The general value of trade secret protection, perhaps taken for granted in less scrutinized trades, also applies to the private election equipment industry. The private election companies that create election equipment and software are in competition with other companies supplying their own versions. Trade secret protection provides incentives to put effort and capital into product development, product innovation, and advances in procedure and industry innovation. There are less incentives to do this, however, when competitors can appropriate the benefit of the work as soon as it is released. Those companies investing in computer source code development particularly benefit from trade secret protection.
There is some conflict with trade secrecy policy application to private election companies and a desire for transparency in government. When the issue is as critical to the interaction between the citizens and their government as elections are, the policy behind trade secrets must be examined to determine whether an exception should be made. Transparency is generally a desired trait in government. It is a means of holding elected officials accountable for their actions and reducing corruption among those officials. If the consequences are serious enough, there are exceptions to the desire for government transparency, however, such as when national security is determined to be at stake. Government itself does not necessarily suffer consequences for lack of innovation if not granted trade secret protection of its governmental secrets and the public policy reasons do not apply as much.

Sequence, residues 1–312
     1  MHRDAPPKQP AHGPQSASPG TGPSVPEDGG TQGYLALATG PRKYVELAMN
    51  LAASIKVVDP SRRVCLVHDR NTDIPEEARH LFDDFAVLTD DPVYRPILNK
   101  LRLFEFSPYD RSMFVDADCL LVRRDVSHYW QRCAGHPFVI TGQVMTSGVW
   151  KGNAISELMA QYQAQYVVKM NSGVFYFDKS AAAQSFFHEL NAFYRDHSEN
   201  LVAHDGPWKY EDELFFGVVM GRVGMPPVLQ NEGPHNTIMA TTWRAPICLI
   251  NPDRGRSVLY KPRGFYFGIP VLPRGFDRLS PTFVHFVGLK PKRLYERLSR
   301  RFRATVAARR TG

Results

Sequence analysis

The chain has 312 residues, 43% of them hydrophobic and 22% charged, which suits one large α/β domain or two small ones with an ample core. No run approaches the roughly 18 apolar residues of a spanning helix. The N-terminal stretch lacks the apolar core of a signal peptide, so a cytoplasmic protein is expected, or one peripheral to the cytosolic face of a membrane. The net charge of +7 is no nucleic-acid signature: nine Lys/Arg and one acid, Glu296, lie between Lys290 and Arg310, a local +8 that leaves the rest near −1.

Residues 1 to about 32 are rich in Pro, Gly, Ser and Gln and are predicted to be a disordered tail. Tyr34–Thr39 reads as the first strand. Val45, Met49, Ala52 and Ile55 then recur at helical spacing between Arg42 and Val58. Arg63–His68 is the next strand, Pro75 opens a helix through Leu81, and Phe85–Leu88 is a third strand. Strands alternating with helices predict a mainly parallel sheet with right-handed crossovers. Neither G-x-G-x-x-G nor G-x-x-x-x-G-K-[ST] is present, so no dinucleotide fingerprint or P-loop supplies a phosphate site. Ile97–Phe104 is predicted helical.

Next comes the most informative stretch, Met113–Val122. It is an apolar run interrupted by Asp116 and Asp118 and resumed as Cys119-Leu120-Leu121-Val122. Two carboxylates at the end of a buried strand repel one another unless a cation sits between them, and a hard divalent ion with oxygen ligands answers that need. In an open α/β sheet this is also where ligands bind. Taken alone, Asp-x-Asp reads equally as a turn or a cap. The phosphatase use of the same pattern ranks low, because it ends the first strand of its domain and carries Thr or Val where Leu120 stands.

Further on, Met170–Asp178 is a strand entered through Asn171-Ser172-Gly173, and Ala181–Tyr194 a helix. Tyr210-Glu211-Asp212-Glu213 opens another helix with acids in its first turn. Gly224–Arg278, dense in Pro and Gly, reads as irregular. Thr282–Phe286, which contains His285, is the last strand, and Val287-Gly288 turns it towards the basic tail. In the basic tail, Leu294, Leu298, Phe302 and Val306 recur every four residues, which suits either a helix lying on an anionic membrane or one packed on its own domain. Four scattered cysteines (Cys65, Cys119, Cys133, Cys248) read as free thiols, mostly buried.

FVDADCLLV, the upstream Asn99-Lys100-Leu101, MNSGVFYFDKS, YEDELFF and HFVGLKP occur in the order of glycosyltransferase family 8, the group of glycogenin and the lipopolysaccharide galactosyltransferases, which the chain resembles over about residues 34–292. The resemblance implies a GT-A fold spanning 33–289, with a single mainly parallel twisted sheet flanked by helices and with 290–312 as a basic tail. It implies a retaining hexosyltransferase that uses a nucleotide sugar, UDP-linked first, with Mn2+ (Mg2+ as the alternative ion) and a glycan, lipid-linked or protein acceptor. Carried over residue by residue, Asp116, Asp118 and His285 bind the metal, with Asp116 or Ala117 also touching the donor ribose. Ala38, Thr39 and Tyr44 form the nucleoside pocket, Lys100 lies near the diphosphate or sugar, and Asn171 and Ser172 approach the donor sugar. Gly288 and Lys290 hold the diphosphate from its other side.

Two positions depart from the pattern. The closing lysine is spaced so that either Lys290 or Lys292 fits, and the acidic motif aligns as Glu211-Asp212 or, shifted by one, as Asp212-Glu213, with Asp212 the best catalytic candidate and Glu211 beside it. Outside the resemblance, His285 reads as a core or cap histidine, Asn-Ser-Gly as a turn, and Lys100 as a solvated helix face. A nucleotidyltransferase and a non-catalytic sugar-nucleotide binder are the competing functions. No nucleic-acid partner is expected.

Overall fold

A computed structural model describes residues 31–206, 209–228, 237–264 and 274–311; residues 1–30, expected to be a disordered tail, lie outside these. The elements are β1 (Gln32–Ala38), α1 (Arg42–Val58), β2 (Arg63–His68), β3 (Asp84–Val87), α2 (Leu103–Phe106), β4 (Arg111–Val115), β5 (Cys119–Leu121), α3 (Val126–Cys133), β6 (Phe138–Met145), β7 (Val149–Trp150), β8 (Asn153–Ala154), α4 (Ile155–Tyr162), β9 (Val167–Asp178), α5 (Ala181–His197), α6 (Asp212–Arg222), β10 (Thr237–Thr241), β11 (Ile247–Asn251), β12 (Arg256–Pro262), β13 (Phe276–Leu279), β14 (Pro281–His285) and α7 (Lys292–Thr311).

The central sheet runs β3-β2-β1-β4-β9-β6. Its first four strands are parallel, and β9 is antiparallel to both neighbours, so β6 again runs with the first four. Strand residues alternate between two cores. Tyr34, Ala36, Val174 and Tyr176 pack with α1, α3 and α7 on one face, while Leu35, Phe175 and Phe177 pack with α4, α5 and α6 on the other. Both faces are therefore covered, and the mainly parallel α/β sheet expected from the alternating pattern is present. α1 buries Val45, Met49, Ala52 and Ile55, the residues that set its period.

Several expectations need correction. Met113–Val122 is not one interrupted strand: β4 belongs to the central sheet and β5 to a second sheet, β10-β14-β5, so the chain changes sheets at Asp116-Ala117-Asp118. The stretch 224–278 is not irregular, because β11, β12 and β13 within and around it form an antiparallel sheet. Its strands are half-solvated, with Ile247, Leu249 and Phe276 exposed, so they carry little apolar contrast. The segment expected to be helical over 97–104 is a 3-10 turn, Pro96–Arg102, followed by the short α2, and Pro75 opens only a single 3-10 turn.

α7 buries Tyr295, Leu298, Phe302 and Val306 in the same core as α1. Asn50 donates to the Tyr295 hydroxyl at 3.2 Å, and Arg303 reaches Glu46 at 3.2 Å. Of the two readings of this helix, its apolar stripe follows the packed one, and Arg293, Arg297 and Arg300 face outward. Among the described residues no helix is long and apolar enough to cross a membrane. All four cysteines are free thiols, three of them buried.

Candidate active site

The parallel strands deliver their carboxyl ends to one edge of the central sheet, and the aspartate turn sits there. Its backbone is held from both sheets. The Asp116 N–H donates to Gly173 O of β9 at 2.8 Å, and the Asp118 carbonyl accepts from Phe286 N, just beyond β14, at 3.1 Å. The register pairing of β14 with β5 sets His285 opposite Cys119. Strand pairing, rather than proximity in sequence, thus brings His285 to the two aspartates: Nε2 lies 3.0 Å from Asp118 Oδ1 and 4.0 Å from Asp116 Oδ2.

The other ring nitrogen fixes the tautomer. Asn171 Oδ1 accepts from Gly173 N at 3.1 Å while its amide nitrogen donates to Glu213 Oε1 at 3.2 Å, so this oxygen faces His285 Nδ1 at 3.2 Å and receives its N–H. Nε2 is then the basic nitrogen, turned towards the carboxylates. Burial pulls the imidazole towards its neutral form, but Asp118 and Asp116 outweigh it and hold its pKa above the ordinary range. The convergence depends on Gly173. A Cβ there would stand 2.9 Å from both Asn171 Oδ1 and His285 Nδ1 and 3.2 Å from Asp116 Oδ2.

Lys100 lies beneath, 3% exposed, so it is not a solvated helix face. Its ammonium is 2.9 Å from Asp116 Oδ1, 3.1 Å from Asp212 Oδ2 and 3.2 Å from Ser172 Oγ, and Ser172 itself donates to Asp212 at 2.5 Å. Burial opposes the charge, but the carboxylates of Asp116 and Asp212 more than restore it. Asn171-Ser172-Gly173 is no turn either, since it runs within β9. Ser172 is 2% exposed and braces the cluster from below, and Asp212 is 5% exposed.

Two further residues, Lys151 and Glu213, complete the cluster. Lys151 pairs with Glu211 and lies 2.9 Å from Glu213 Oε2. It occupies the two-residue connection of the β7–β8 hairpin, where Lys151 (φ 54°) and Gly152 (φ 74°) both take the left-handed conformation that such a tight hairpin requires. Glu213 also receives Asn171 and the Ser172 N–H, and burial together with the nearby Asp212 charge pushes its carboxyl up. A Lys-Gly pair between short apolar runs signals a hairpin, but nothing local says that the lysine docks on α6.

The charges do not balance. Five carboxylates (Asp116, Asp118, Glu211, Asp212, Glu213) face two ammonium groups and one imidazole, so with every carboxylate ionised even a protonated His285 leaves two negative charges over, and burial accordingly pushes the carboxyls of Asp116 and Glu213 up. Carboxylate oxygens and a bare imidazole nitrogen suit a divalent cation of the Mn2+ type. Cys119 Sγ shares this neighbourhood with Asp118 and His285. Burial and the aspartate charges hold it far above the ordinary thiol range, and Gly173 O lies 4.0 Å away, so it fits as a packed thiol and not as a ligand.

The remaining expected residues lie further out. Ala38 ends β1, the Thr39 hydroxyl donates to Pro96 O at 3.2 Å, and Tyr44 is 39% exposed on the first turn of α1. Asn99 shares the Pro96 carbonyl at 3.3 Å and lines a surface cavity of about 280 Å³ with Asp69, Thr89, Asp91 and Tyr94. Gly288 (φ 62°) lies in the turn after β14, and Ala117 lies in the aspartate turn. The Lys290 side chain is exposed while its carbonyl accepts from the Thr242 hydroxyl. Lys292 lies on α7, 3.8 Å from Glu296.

Voting machine companies have responded to these requirements with streamlined computerized equipment, running more sophisticated software than ever before. Many states upgraded their voting equipment to Direct Electronic Voting systems (“DREs”). These systems offer the benefit of easy-to-use interfaces that allow voters to make their selections efficiently and effectively. They raise accountability and reliability issues, however, as they store their vote totals in computer memory… In recent cases, courts in North Carolina and Florida have held that despite problems encountered with election equipment, election companies are entitled to maintain their trade secrets. On this reasoning, the source code of voting machine software is shielded from discovery.